Could lingering grief be the reason he can’t get busy with a new woman? Or does he just need a once-over by a good urologist? Can a woman with a disease that interferes with sex find a fulfilling relationship after divorce? Got a question? E-mail us .
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Q: My fiancé can be stimulated orally and by stroking. But the moment we think he is ready for penetration, he deflates again. Could this be related to his loyalty to his departed spouse, or should he look into a urologist? He tried Levitra. Maybe he should try Viagra?
A: If “departed” means “dead,” and not “took off in his brand-new Lexus to take up with a traveling rodeo clown,” then, yes, his seeming inability to maintain an erection for penetration could be related. Switching from one erectile dysfunction drug to another may not help since they all work in roughly the same way. Besides, the problem does not seem to be with your man’s piping.
When French doctors studied a small group of 26 erectile dysfunction patients and asked them about recent life events, the patients, as opposed to a control group of 20 other men, “showed a much greater number of life events during the year prior to the onset of erectile disorders. ... A detailed analysis of this peak of events revealed that the most common events were those of an emotional nature and those involving a loss or bereavement.”
Even if he is not still grieving for his wife, he may have complicated feelings about intercourse with you (maybe feelings of “anxiety” rather than “loyalty”). Your situation would seem to be perfect for a combination therapy of both psychological counseling and medication. Last month, in the Journal of Sexual Medicine, a Brazilian team analyzed available literature and found that “men randomized to receive psychotherapy plus sildenafil (Viagra) showed significant improvement of ED.”
So yes, your man ought to visit a urologist and ask that urologist if, perhaps, some form of counseling might be in order.
Q: I am in a new relationship. We have made love twice, and he does not look at me when we have sex. Foreplay is minimal. I have not had a chance to see his … well, you know. He’s a nice man and we have a lot of fun together, but I need more in bed. My last guy was wonderful and I find myself comparing.
A: We here at Sexploration have spent the past two hours trying to pantomime how you two have sex. He does not look at you, and you have not seen his penis. (“His … well, you know”? Really? You’re allowed to say the word.) I mean, I know it’s possible in theory, like the existence of those tachyons from “Star Trek,” but hard to imagine.
Anyway, as for boosting the foreplay quotient, you are going to have to do what every new couple has to do: find a rhythm and style that works best for this new entity you are creating rather than wishing he was like the “last guy.” That means you are going to have to talk to each other. This is the best part of a new relationship, paddling into terra incognita and making new discoveries. So be his native guide, tell him what you want, and show him how to get there. You might begin by turning on the lights.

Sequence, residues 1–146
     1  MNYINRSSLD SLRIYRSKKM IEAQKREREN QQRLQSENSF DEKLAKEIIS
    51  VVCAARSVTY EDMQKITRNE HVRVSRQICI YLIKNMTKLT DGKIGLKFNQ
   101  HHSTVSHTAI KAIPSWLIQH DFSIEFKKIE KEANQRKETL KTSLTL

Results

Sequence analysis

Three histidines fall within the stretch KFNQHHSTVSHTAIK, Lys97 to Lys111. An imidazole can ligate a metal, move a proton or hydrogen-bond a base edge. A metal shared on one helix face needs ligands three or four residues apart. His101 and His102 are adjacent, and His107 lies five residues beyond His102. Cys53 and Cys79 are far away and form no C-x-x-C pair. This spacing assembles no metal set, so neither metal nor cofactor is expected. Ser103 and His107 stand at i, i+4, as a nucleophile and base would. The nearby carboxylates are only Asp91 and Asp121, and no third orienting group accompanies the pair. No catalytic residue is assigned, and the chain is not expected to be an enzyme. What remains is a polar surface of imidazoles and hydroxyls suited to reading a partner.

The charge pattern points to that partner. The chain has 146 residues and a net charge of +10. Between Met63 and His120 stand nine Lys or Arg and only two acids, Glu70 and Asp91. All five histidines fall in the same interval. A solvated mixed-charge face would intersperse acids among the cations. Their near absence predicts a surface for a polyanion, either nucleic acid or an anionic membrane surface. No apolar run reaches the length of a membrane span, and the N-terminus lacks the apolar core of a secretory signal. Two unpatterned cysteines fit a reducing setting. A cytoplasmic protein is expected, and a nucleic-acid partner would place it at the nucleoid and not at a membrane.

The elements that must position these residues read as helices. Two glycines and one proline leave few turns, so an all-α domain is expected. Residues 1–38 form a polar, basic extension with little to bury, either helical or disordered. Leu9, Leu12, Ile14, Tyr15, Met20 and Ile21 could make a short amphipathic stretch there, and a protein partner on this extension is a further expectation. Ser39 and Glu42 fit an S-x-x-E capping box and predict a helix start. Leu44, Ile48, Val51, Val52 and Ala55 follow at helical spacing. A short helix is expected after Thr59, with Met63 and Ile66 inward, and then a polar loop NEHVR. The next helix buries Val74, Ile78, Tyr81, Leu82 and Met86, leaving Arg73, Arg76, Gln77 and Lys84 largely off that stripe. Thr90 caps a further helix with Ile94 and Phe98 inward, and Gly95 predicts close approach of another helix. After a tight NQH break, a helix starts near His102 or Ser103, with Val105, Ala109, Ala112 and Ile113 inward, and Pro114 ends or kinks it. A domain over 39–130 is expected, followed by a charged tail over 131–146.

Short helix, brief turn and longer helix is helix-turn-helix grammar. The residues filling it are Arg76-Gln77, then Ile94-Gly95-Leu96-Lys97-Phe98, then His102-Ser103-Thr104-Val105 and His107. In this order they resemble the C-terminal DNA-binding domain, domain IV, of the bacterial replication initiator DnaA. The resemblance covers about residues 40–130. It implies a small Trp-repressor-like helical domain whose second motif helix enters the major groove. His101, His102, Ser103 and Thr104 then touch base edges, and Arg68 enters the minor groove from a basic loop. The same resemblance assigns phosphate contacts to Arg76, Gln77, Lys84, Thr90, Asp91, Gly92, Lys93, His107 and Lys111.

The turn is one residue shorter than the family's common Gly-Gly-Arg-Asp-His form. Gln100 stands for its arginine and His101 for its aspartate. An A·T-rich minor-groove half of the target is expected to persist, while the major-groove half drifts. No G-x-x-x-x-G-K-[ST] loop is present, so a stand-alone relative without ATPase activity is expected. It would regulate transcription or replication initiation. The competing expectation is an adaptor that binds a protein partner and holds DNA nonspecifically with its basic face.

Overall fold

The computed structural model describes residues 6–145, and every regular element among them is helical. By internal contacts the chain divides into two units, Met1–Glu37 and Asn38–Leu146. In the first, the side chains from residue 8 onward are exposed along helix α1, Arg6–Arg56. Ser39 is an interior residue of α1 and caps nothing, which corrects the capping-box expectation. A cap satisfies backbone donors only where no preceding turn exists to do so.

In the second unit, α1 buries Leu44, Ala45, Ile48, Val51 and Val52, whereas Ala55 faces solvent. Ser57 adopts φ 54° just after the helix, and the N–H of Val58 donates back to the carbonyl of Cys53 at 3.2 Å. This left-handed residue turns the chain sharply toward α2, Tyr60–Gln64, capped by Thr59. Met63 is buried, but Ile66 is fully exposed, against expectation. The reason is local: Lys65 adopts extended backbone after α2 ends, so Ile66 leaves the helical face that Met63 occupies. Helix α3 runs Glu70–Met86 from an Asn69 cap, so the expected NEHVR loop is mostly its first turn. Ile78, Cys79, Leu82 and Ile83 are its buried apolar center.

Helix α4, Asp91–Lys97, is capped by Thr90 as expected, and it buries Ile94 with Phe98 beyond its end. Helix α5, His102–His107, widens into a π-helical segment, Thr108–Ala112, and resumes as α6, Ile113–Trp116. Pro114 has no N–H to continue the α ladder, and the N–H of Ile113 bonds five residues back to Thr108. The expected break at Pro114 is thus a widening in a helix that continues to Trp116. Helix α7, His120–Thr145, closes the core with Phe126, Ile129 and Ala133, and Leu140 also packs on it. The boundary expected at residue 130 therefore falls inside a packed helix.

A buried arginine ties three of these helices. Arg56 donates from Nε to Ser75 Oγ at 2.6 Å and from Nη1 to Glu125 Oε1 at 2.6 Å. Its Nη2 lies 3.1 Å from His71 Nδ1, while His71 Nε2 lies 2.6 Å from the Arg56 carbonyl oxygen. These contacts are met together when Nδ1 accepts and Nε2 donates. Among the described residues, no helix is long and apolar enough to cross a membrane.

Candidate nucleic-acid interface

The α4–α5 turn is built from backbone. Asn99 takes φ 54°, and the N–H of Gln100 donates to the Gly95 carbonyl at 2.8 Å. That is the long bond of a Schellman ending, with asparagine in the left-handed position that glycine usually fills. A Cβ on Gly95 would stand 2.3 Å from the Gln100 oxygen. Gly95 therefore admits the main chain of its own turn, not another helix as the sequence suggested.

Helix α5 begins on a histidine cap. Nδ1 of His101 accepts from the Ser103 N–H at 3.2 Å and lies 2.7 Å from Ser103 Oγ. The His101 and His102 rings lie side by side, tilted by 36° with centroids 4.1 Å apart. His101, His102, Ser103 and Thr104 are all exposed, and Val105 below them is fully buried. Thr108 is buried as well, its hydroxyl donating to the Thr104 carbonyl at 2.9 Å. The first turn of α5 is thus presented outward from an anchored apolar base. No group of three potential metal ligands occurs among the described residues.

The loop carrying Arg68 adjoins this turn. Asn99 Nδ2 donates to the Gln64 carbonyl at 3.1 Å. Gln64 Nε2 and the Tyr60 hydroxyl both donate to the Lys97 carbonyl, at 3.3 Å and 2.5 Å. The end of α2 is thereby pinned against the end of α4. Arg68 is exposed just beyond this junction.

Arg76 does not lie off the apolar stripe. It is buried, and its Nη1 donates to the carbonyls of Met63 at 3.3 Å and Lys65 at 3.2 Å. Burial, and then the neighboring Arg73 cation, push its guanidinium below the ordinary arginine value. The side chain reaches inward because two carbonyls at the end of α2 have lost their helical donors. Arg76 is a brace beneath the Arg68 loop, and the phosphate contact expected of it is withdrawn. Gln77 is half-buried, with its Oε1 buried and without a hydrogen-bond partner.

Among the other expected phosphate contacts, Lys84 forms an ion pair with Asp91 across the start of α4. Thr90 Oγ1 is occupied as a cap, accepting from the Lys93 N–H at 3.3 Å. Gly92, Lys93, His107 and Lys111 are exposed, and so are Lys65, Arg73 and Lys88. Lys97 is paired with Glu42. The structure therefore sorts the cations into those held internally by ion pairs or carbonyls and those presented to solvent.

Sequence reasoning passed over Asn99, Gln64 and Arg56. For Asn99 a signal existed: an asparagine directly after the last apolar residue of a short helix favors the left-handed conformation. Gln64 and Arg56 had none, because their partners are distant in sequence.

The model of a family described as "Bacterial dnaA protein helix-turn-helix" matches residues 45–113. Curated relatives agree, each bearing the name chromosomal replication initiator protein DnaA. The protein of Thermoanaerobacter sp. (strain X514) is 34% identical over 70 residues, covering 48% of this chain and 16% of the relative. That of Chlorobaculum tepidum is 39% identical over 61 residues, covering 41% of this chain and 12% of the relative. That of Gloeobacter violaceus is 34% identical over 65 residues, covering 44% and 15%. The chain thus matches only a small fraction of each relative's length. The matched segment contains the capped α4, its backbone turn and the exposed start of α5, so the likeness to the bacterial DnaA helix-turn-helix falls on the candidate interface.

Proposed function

Q: I am just getting back into dating after 40 years of marriage. What is the rule of thumb these days for how long one dates before having sex? This seems to be a stumbling block for me.
A: How’d you do it 40 years ago? That was 1968. “Hair” was on Broadway, Pattie Boyd was in India with the Beatles, and Jane Fonda was wearing that sexy space-chick outfit in “Barbarella.” Dating rules? Pshaw!
As far as I can tell from Sexploration readers, the only dating rules are the ones you and the person in question choose for yourselves. Some people have sex on the first date, some wait until marriage and some place a Craigslist ad. If I were you, and I’m not, I’d be nice, friendly, open, caring, attentive and romantic. I’d lean in for a kiss on the first date and see what happens. Be brave, Excelsior!
Q: I am 50 years old and in generally good health. I have a low sex drive, like many women my age. I also have had lichen sclerosus for about three years. I have pain with vaginal intercourse. Otherwise I have normal arousal and orgasm. My husband and I were not able to find a way to have intercourse that was satisfactory for him given my limitations. We have separated and he found a very satisfactory young girlfriend. Is it even worthwhile for me to consider another relationship with a man? I don’t want to revisit the guilt and humiliation of being inadequate in bed again. Are there men who would consider a relationship with someone with my limitations? Are there couples who have a happy marital relationship despite this type of limitation?
A: We are going to do something different this time around. In the past ( including a recent column featuring a question about lichen sclerosus ), we referred correspondents to resources. This time, Sexploration would like to hear from hearing from couples and individuals who have successfully dealt with a sexually interfering disease or disability. How do you manage? Is it worthwhile? How about dating? When do you discuss such your condition? How do you combat feelings of inadequacy? What would YOU say to this woman? Share your words of wisdom.
Brian Alexander is the author of the new book “America Unzipped: In Search of Sex and Satisfaction."
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